Anthropologists work in federal, provincial and local governments, international agencies, healthcare centers, nonprofit associations, research institutes and the private sector. Many anthropologists work as consultants applying their expertise to conduct archaeological excavations and cultural resource management, to conduct impact or needs studies or to help develop policy for governmental or non-governmental organizations. One of the goals that CASCA has set for itself in coming years is to play a greater role in helping anthropologists both academics and those practicing their discipline outside of academia to network and to share expertise gained both in terms of methods and theory.

Promo Video: What is CASCA?  By Éric Gagnon Poulin, Université Laval 

Most of my life, during my degree or even as graduate student, I had never heard of CASCA. Still, I did all my schooling in anthropology, one part at UMontréal and the other at ULaval. It was not until 2014 that my research director, Jean Michaud, talked about the Canadian Anthropology Society. Intrigued, I wanted to know more. Like many PhD students, I aim for an academic career. Many are called, few are chosen. Being part of a network like CASCA is unquestionably an asset. I became a member and soon enough, I got involved in the executive committee as the francophone member at large. With my experience in documentary films, one of my first proposals was to make video to promote our association to our colleagues and other anthropologists. Today we present to you the result. We invite you to share this short video in your classes, on the page of your department and to your networks.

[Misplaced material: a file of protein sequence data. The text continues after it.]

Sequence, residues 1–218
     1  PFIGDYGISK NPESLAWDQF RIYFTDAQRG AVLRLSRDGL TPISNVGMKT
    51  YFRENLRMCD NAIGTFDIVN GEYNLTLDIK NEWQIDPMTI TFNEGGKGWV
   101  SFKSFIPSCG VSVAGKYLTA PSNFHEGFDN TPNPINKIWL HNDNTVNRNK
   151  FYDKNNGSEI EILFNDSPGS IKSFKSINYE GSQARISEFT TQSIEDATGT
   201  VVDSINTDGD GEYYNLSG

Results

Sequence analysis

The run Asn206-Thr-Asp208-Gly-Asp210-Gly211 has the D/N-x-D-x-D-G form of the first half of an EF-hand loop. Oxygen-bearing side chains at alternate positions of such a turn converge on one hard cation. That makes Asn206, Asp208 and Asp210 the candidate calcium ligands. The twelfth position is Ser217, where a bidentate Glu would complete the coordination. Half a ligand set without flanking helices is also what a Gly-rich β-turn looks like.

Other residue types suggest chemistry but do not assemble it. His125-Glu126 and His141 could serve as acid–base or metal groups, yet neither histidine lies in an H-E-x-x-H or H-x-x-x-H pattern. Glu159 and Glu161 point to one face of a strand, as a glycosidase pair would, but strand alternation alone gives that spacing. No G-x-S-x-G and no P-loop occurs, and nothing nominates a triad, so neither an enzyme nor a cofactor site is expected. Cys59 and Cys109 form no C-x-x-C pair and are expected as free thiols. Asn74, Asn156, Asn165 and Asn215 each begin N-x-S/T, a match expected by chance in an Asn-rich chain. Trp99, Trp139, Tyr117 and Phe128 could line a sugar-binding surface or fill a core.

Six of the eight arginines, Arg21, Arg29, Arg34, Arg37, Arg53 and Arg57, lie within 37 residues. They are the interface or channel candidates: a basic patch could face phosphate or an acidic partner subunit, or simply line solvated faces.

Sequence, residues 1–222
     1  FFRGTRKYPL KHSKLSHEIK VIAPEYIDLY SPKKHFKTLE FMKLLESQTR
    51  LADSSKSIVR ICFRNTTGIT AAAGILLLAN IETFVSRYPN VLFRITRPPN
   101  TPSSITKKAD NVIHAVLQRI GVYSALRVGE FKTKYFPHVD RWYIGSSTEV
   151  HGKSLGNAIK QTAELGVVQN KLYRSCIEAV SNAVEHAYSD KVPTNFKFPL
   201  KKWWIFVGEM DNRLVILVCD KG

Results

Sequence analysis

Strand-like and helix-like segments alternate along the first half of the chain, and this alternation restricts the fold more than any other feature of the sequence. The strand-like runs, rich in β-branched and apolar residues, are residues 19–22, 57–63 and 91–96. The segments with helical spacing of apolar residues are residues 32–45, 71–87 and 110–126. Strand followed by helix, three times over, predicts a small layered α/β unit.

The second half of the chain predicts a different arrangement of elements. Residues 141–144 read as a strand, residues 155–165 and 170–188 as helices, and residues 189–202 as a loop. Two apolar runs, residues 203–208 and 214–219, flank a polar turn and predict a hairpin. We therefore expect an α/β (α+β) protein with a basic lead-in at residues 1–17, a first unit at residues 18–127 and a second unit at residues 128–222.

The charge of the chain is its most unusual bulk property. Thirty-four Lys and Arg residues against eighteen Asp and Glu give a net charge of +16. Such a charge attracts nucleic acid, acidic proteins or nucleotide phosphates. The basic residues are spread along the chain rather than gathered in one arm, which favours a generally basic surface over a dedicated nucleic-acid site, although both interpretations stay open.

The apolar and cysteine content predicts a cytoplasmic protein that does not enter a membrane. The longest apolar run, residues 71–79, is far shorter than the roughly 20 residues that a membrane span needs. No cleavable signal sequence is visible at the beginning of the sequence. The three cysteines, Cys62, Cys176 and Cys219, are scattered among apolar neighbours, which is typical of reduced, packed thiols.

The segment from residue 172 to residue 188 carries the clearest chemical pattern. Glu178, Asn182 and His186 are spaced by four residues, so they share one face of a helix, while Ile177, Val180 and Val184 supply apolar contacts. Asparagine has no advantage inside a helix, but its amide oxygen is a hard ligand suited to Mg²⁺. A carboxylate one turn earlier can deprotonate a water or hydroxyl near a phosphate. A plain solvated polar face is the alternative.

Be part of the adventure! Click here



Salisbury Award Committee

  • Past President (Chair)
  • Secretary 
  • Member at Large (Francophone or Anglophone)

 Weaver-Tremblay Prize

  • Previous Prize Recipient (Chair)
  • President
  • Member at Large (Francophone or Anglophone)
  • Secretary

Committee for Teaching Awards

  • The CATE Committee will be constituted by the President-Elect, President, the last recipient of the CATE (course instructor), the last recipient of the CATE (permanent faculty), and one CASCA member (preferably a member of the Critical Pedagogy Network) appointed by the CASCA Executive.

Resolutions Committee (More...)

  • Bruce Miller
  • Brian Noble
  • Heather Howard